14. Ms Srindran fairly accepted the strength of this new point.
15. At the end of the hearing we reserved our decision.

Discussion and conclusions
16. Before turning to our analysis of this case we remind ourselves of the need to show appropriate restraint before interfering with a decision of the First-tier Tribunal, having regard to numerous exhortations to this effect emanating from the Court of Appeal in recent years: see, for example, Lowe [2021] EWCA Civ 62, at paragraphs 29-31, AA (Nigeria) [2020] EWCA Civ 1296; [2020] 4 WLR 145, at paragraph 41, and UT (Sri Lanka) [2019] EWCA Civ 1095, at paragraph 19.
17. We would first observe that where a judge considering an application for permission to appeal deems it appropriate to raise a new ground of challenge not contained within the grounds, best practice is to either cite, or at least refer to the substance of, the decision in AZ (error of law: jurisdiction; PTA practice) Iran [2018] 245 (IAC). Where the new ground raised by the judge potentially favours the original appellant, there needs to be a “strong prospect of success”. In the present case, Judge Mills did not allude to the relatively high threshold required to grant permission on such a basis.
18. It was not immediately apparent to us that there was a “strong prospect of success” of the procedural unfairness challenge being made out. Having said that, we formed a provisional view, as indicated to the parties at the outset of the hearing, that the judge might have been wrong not to have raised the particular GP patient record entries with the appellant and/or Counsel.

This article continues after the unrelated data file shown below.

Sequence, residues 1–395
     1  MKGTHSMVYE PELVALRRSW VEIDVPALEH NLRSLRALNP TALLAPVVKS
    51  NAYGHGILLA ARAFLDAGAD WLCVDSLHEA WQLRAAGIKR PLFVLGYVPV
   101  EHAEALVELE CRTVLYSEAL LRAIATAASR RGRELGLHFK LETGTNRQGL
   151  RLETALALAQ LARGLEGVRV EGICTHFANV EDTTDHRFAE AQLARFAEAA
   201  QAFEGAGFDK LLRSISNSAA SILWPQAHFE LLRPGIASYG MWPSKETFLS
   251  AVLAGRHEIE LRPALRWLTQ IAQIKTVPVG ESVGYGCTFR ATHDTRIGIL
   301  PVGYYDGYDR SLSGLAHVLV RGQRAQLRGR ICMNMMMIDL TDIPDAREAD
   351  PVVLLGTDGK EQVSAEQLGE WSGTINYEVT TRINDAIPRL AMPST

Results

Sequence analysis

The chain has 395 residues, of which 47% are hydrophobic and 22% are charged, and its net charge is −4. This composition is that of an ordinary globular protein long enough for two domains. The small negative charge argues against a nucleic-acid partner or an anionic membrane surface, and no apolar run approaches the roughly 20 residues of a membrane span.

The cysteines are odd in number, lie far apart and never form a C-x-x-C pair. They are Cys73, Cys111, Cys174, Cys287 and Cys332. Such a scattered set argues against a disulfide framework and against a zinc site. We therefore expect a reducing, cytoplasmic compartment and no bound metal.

19. On further consideration, we have concluded that the judge did not commit an error of law as regards procedural fairness. The applicant provided the GP patient records in support of her appeal. She and/or her legal representatives at the time knew, or should have known, the content of those records before they were submitted in evidence. If there were particular entries which might have raised a legitimate concern, these could and should have been addressed by the appellant herself. It is apparent that they were not. In our judgment, the judge cannot be criticised (at least as regards the committing of an error of law) because he took account of the evidence before him. Ideally, the judge might have raised the issue at the hearing (if in fact he had been cognisant of the specific evidence at that point in time), but it was not incumbent on him to do so as a matter of procedural fairness.
20. We confirm that we have not taken account of the post-decision explanation offered by the appellant in the grounds of appeal. This could and should have been put forward at the hearing.
21. In light of the above, the ground of appeal on which permission was specifically granted fails.
22. We did see something of a tension in the judge’s decision between his reliance on the GP patient record entry and the apparent failure to have made a clear finding of fact that the appellant had left United Kingdom at some point. One might have thought that the latter would have followed on from the former. However, for the following reasons we conclude that there is no error of law here.
23. First, the point was not raised in the original grounds of appeal and has been no amendment to those.